The web management challenge is to shift your focus away from your website, technology and content, and to focus instead on the needs of your customers.Yahoo continues to under perform and be under attack. There are many reasons why Yahoo is facing challenges, even though it's still the most popular destination on the Web. One of the reasons was articulated in an article in The New York Times on May 28, 2008. The article stated that Jerry Yang, founder and chief executive, and Susan Decker, its president, admitted that "Yahoo had gotten too close to its products and too far from its customers." The Web changes the very roots of the relationship between the customer and the organization. The customer, not the organization, is dominant on the Web. Thus you must put the customer's needs at the absolute center of everything you do if you want to be successful. Google makes 10times more profit than Yahoo, but Yahoo has significantly more page impressions. Google and Yahoo make most of their revenues through advertising. Advertising revenues are generated by having ads on pages. Thus, the more page impressions you have, the more revenue you should make. So, why is Google, with significantly less page impressions than Yahoo, making 10times the profit that Yahoo does? Because Google's ads are more useful. An advertiser once said that he knew that half of his advertising worked, he just didn't know which half. From a customer's perspective it is probably true to say that 99 percent of the advertising they are exposed to doesn't work, and maybe 1 percent of it is useful. Google is successful because it puts ads only where they will be useful to customers. It's very hard to put the customer first. It's much easier to manage the website, the technology and the content. Tools and the things they make are much easier for us to understand and relate to. The customer is like a ghost in the machine. They come through our websites, often without us knowing they were there. For an organization it is much easier to make a product than to satisfy a shifting need. You would think that they are one and the same-the product and the need-but they are not. The larger the organization becomes the more likely it is to create things for their own sake; because some process or some manager dictated that they should be made. Since 1994, I have watched websites being built and managed. By far the greatest danger to the success of a website is the focus on the website itself (its content and technology) rather than what customers need from it. Web teams are among the most isolated groups within organizations. They lack that crucial and constant interaction with customers. This lack of interaction often causes web teams to fall back on opinions and re-designs and quickly lose sight of the purpose of what they are doing. Clever, meaningless words like "interactivity", "dynamic", "portals" and "personalization" float about. Every day you must find a way to be in touch with your customers. Stay distant from your website and close to your customers.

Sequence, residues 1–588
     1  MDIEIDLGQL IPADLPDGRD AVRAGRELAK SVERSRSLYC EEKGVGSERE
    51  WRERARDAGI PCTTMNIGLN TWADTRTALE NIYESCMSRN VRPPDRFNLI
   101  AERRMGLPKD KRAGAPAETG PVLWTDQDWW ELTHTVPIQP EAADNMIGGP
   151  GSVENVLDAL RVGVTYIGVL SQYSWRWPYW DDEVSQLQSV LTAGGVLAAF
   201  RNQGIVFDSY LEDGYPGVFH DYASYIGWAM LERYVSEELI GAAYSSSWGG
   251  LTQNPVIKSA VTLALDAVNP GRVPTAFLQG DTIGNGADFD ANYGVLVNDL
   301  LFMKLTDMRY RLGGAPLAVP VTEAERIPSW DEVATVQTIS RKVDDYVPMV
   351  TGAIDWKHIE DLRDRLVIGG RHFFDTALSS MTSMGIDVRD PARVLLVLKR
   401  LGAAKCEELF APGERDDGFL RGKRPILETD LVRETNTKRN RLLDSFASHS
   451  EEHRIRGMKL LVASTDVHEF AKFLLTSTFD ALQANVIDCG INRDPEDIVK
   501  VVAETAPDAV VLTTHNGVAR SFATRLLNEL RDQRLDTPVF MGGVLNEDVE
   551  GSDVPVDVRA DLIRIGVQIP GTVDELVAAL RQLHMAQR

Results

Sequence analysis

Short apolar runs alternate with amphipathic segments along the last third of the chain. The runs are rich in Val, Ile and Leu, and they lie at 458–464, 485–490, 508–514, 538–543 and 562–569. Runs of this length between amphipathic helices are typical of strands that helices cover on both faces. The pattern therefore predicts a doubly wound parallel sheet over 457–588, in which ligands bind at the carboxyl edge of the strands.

About the Author

Gerry McGovern, a content management author and consultant, has spoken, written and consulted extensively on writing for the web and web content management issues since 1994.